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Moving the Mississippi

Would changing the river's course help save the vanishing coastline of Louisiana?

By Cornelia Dean


For thousands of years, the Mississippi River has acted like a conveyor belt, carrying millions of tons of sediment downstream each year. And before its flow was controlled, the river meandered across the region, spreading its nutrient-rich contents along coastal Louisiana.

But since the 1820s, when the U.S. Army Corps of Engineers began building levees and dams for protection against flooding, the Mississippi River has essentially been trapped and artificially channeled into the deep waters of the Gulf of Mexico.

As a result, the wetlands and barrier islands along Louisiana's coast, which were once regularly replenished by river sediment, have begun to deteriorate—and disappear.

Scientists have long said that the only way to restore Louisiana's vanishing coastline is to undo the elaborate levee system and divert the river to the sediment-starved marshes below New Orleans to the southeast. The idea, previously dismissed as impractical, too expensive, and lethal to the region's economy, is now gaining widespread support. State officials are embracing it, motivated not only by the lessons of Hurricane Katrina but also by fears that global climate change will bring rising seas and accelerated land loss.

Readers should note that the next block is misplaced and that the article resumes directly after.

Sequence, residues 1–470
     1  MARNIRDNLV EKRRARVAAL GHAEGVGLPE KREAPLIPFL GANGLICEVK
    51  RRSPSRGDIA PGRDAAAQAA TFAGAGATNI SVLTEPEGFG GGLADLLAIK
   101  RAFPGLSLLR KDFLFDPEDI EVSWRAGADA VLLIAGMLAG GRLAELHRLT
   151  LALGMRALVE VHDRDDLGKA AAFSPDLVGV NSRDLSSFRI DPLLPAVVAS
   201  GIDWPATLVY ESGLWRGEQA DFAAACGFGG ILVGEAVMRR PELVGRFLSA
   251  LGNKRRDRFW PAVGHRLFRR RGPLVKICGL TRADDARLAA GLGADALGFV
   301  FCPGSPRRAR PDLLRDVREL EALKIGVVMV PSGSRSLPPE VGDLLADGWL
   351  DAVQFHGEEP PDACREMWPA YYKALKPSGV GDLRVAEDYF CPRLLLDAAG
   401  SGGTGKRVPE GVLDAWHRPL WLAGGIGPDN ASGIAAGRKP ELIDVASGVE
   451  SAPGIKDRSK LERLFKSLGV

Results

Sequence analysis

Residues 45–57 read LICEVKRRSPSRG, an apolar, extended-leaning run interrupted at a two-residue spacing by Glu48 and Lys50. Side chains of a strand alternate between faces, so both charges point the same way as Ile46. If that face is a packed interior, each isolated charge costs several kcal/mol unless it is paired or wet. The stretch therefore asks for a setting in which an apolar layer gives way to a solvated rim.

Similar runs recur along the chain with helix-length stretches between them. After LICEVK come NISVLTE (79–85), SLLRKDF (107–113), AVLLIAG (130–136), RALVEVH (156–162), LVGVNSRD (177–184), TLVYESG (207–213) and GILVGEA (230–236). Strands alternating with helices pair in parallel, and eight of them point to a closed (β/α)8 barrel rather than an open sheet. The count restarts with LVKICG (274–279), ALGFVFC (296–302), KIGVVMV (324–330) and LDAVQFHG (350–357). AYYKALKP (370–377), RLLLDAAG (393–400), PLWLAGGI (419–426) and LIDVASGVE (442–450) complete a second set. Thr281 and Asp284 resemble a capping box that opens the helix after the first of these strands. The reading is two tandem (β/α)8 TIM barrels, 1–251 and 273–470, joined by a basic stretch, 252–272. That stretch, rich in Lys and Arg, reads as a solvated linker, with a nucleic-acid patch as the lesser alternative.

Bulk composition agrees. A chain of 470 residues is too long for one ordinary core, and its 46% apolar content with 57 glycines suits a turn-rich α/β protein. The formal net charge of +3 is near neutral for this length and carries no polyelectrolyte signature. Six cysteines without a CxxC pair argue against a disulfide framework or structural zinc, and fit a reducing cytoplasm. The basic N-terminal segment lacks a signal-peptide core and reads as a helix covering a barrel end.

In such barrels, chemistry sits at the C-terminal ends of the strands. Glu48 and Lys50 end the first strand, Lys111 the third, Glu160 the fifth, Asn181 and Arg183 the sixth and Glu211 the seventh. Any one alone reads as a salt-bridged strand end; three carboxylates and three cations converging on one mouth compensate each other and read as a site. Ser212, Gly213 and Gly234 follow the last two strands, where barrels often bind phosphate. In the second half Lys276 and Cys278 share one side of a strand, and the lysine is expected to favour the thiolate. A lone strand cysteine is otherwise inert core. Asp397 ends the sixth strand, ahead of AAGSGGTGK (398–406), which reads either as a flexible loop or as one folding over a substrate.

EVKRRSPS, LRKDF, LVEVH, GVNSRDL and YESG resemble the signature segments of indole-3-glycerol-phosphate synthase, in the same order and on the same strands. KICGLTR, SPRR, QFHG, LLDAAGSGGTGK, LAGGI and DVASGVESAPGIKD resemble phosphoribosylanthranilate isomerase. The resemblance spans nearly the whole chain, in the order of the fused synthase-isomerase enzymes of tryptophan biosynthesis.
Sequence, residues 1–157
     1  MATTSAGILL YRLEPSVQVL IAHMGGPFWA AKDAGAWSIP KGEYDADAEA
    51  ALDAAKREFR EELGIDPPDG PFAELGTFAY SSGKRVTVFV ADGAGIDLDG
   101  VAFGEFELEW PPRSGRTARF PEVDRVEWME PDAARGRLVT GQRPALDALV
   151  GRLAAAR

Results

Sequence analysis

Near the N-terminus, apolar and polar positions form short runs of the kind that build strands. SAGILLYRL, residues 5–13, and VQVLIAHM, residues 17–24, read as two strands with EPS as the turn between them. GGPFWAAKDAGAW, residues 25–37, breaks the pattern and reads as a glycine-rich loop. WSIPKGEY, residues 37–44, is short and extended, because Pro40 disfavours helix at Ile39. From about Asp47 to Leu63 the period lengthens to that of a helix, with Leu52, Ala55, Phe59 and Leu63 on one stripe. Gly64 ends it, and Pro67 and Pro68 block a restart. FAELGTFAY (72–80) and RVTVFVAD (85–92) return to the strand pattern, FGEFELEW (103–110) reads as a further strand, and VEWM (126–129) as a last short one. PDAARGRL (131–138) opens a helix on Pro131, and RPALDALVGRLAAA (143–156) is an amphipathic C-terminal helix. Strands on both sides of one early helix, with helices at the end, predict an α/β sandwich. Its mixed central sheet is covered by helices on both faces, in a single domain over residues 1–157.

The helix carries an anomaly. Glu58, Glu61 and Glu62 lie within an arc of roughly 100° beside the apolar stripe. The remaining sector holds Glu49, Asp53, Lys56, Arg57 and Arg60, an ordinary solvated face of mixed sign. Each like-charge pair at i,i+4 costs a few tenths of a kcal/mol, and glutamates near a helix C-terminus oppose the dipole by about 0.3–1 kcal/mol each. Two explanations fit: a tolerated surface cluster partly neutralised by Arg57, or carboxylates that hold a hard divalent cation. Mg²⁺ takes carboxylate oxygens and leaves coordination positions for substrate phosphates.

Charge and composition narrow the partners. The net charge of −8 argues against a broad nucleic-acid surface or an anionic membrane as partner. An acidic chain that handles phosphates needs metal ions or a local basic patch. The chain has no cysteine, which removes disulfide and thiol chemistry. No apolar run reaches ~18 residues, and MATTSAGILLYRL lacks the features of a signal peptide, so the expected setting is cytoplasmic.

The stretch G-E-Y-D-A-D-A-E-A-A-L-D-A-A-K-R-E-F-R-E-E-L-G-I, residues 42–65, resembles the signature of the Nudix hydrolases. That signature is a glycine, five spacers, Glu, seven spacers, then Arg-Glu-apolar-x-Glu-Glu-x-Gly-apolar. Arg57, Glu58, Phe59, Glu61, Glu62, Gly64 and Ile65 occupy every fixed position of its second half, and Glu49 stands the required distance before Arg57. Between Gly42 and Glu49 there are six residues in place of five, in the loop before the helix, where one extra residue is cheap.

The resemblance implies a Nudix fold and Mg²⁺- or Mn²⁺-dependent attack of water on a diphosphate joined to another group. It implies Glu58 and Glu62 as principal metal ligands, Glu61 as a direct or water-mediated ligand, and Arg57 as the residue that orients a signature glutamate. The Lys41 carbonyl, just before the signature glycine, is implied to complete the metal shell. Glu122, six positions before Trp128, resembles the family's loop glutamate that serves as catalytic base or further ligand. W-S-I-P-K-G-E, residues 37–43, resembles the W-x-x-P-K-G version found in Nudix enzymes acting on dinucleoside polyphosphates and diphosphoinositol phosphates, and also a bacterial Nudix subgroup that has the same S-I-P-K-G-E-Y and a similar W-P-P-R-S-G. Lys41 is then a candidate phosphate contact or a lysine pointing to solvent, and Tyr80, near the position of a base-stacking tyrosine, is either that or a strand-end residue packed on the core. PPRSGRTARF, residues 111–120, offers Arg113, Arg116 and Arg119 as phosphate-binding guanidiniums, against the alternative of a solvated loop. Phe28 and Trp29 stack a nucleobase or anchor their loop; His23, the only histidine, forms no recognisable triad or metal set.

Huge Implications

The best way to protect against future storms, officials now agree, is to allow the muddy river to dump that rich sediment where it's needed most. The hope is that this would slow or even reverse the land loss along coastal Louisiana.

But the prospect of moving a river has huge implications—political, social, and economic—for the people who live near the proposed diversion and for the businesses of the region.

Experts say there would also be tremendous engineering challenges, particularly in finding a new way for freighters to make their way into the Mississippi's shipping channel—not to mention the monumental cost of such an enormous project.

At the same time, there is a growing recognition that the cost of not acting may be just as high. Along the Louisiana coast, in the delta plain, much of the land is only a few feet above sea level. If seas rise as expected by two or three feet in the next century, Louisiana's land loss will only accelerate.

Such a program would not turn things around immediately, but many see it as a crucial step for Louisiana. "Is it practical? Yes," says James T.B. Tripp, a member of the Louisiana Governor's Commission for Coastal Restoration. "Will it be expensive? Yes. But when you look at the alternatives, it's very cost effective."